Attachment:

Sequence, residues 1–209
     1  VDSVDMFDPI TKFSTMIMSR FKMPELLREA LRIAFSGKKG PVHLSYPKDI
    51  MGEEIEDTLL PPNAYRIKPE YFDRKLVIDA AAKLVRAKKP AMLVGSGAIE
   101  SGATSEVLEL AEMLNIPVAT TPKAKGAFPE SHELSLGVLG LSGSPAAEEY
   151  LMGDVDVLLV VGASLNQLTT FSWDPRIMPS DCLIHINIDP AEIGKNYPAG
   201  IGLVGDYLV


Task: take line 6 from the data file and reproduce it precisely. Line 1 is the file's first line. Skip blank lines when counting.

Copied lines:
   201  IGLVGDYLV